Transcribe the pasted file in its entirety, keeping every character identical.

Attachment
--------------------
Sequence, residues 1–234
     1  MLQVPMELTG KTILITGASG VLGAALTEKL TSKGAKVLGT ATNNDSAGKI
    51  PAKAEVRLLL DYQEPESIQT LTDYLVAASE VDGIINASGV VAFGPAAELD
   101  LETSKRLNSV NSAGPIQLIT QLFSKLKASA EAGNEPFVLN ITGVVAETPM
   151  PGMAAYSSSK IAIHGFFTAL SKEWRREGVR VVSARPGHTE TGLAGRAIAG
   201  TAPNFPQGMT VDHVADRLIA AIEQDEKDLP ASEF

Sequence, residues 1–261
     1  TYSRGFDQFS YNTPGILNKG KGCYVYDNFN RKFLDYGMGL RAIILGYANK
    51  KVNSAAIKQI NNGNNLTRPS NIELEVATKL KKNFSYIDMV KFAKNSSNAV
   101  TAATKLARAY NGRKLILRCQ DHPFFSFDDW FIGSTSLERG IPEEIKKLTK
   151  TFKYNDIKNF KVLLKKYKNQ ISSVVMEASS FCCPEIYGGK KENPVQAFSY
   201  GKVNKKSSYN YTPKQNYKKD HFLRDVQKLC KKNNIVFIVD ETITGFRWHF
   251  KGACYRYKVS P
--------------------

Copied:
Sequence, residues 1–234
     1  MLQVPMELTG KTILITGASG VLGAALTEKL TSKGAKVLGT ATNNDSAGKI
    51  PAKAEVRLLL DYQEPESIQT LTDYLVAASE VDGIINASGV VAFGPAAELD
   101  LETSKRLNSV NSAGPIQLIT QLFSKLKASA EAGNEPFVLN ITGVVAETPM
   151  PGMAAYSSSK IAIHGFFTAL SKEWRREGVR VVSARPGHTE TGLAGRAIAG
   201  TAPNFPQGMT VDHVADRLIA AIEQDEKDLP ASEF

Sequence, residues 1–261
     1  TYSRGFDQFS YNTPGILNKG KGCYVYDNFN RKFLDYGMGL RAIILGYANK
    51  KVNSAAIKQI NNGNNLTRPS NIELEVATKL KKNFSYIDMV KFAKNSSNAV
   101  TAATKLARAY NGRKLILRCQ DHPFFSFDDW FIGSTSLERG IPEEIKKLTK
   151  TFKYNDIKNF KVLLKKYKNQ ISSVVMEASS FCCPEIYGGK KENPVQAFSY
   201  GKVNKKSSYN YTPKQNYKKD HFLRDVQKLC KKNNIVFIVD ETITGFRWHF
   251  KGACYRYKVS P